A dog is a man’s best friend and you can see more and more HDB flat residents keeping dogs as pets, even some with pretty large dogs.
So if you are thinking of getting an Alsatian or Doberman, think again, cos there are rules to be followed.
In today’s article, we look at a guide to HDB’s rules with regards to keeping dogs and other pets.
Firstly, as long as you live in an HDB flat, you will be required to get your pet licensed by the NParks Animal & Veterinary Service (AVS).
If you are keeping a dog, you do not need to seek approval from the HDB, as long as the dog is in their list of approved breeds (see list below). It is against the law to keep an unauthorized pet in an HDB flat and the penalty is quite hefty, with fines of up to $4,000 for flouting HDB pet rules.
Approved dog breeds
HDB flat owners are allowed to own only 1 dog as compared to private property owners who can keep up to 3 dogs.
Below is the list of approved dog breeds by the HDB.
If your pet dog is of a mixed breed, it should have a maximum shoulder height of up to 55cm.
If you want to own a larger dog, there is a special initiative called Project ADORE which stands for “ADOption and REhoming of dogs”.
Project ADORE started in April 2012, as a pilot by the Ministry of National Development (MND), Agri-Food & Veterinary Authority of Singapore (AVA)* and Housing and Development Board (HDB) to assess the acceptance of mixed-breed dogs in HDB estates.
Under Project ADORE, HDB flat owners can adopt local mixed breed dogs, known as Singapore Specials, which are up to 55 cm in height.
Responsible pet ownership
Getting a pet dog is not all fun and games. There are certain responsibilities as a pet owner.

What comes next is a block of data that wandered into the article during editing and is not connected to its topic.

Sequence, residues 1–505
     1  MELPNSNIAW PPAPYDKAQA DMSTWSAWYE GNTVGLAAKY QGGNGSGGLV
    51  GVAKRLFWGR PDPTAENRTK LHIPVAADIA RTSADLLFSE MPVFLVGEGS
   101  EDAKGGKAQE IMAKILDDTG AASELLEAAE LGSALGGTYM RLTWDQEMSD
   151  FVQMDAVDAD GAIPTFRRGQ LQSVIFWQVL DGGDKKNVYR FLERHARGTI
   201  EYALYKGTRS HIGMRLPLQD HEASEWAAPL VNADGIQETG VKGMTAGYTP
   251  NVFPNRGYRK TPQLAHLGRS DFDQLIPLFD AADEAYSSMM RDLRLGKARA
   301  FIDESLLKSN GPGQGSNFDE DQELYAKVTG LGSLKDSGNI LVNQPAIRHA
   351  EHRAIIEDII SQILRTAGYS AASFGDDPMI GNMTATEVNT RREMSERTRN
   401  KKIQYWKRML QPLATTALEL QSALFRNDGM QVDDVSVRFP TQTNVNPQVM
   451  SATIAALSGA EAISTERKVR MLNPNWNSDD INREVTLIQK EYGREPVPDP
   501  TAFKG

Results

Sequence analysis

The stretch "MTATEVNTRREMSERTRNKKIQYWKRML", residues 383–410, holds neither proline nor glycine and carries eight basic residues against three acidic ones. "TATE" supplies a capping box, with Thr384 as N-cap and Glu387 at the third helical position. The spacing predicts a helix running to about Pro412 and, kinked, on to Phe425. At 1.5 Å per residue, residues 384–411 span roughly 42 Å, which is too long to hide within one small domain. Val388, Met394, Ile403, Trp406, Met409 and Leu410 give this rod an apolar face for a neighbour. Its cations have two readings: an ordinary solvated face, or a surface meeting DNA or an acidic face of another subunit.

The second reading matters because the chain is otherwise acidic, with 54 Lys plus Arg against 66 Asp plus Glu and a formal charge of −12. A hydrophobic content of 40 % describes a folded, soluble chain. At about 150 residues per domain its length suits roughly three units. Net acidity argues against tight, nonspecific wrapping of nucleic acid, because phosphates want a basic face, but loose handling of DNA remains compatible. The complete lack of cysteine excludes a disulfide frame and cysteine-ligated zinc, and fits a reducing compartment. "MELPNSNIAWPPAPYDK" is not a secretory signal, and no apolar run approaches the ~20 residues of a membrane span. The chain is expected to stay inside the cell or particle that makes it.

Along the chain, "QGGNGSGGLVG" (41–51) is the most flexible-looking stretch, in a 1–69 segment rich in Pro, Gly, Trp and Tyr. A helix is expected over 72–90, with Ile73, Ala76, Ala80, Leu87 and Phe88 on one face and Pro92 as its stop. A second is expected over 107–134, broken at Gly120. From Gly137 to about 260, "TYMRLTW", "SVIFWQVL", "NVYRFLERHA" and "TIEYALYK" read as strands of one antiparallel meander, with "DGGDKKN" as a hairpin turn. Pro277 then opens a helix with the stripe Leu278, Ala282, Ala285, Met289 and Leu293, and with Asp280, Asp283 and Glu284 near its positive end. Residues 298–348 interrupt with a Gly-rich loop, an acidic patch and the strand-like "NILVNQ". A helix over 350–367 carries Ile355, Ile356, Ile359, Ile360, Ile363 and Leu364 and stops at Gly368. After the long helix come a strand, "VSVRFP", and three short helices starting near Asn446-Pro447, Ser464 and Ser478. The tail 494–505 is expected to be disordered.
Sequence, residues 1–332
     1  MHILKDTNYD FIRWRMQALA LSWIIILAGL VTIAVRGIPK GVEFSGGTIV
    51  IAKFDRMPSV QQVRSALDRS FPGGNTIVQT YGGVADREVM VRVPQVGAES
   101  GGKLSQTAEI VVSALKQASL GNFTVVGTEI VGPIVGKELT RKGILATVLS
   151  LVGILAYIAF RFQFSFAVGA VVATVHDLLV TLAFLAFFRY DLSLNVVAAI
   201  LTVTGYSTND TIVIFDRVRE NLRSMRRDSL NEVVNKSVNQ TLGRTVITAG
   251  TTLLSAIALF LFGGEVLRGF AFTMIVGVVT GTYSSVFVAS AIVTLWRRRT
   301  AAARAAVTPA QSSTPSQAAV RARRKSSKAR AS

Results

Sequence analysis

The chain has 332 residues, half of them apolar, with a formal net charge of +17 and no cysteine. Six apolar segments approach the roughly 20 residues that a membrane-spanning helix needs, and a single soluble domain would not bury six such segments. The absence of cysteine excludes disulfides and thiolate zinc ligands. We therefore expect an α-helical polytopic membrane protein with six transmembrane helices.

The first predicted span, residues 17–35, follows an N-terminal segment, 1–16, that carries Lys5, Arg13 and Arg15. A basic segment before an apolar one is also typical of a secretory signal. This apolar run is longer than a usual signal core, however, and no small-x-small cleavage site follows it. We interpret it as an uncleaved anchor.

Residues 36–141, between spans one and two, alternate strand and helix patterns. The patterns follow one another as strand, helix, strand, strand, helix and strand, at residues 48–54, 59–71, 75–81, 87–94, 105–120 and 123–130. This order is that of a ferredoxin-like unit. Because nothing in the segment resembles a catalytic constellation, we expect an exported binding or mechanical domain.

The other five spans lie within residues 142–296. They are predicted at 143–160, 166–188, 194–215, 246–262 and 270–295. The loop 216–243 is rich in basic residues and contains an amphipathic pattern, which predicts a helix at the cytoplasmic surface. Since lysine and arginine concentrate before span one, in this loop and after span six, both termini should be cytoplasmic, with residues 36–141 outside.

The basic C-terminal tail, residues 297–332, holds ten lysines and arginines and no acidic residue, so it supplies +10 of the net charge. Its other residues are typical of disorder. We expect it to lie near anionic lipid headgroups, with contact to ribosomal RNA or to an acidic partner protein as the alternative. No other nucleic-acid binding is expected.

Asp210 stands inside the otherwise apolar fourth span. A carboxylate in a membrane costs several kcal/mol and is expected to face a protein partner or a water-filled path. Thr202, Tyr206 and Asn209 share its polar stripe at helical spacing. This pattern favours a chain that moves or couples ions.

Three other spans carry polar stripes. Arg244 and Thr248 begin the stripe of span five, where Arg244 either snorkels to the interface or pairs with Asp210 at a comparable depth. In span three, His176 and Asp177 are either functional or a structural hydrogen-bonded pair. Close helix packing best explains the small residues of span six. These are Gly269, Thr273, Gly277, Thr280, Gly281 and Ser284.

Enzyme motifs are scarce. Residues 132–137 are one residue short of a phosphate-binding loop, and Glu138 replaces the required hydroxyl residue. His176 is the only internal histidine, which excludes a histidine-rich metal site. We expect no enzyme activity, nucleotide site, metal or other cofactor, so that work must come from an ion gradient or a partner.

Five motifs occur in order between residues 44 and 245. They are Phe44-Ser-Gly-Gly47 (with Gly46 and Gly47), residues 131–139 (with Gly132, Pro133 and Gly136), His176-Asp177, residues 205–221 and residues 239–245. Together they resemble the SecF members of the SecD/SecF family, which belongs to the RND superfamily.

At all times, especially nighttime, it is important to ensure that your dog does not cause any disturbance (loud barking). The last thing you want is a barking dog at night, waking up the neighbours and disturbing the whole block/neighbourhood.
When taking your pet dog out for a morning or evening stroll, be sure to leash it and keep it under control. You do not want it running about and causing hurt or frightening old folks or young children, and always, always clean up after your pet.
Cats and other pets
Currently, keeping cats as pets is not allowed in HDB flats.
According to the HDB website, cats are deemed to be generally difficult to contain within an HDB flat. When allowed to roam about indiscriminately, cats tend to shed fur and defecate or urinate in public areas, which is a no-no in today’s society.
There is also a fear that cats can cause disturbances when they make “caterwauling” sounds, which is a cross between a yowl, a howl, and a whine.
Small pets such as birds and fishes are generally permitted within HDB flats, as they are deemed to not cause any disturbances or inconveniences in the neighbourhood.
Below is the list of other pets that are allowed in HDB flats.
Birds, with the exception of house crow, white-vented or Javan myna, common myna, feral pigeon, and protected wildlife birds
Fish with the exception of piranhas and protected wildlife fishes
Green tree frogs (Litoria caerulea)
Land hermit crabs (Coenobita rugosus)
Malayan box turtles
Red-eared sliders (red-eared terrapins)
Besides cats, there are also certain animals that are not allowed to be kept in HDB flats.
This is to help in the prevention of possession and trading of illegal wildlife.
In 2018, 2 leopard cats were found in an HDB flat and subsequently returned back to the wild in Perak, Malaysia. The owner was caught and fined under the Endangered Species (Import and Export) Act (ESA).
Other instances of illegal wildlife found in HDB flats were “slow loris”, black-tailed prairie dogs, ornate horned frogs and yellow-footed tortoises.
Examples of banned animals:
If you have any questions or issues relating to keeping dogs in HDB flats, you can contact the following government agencies:
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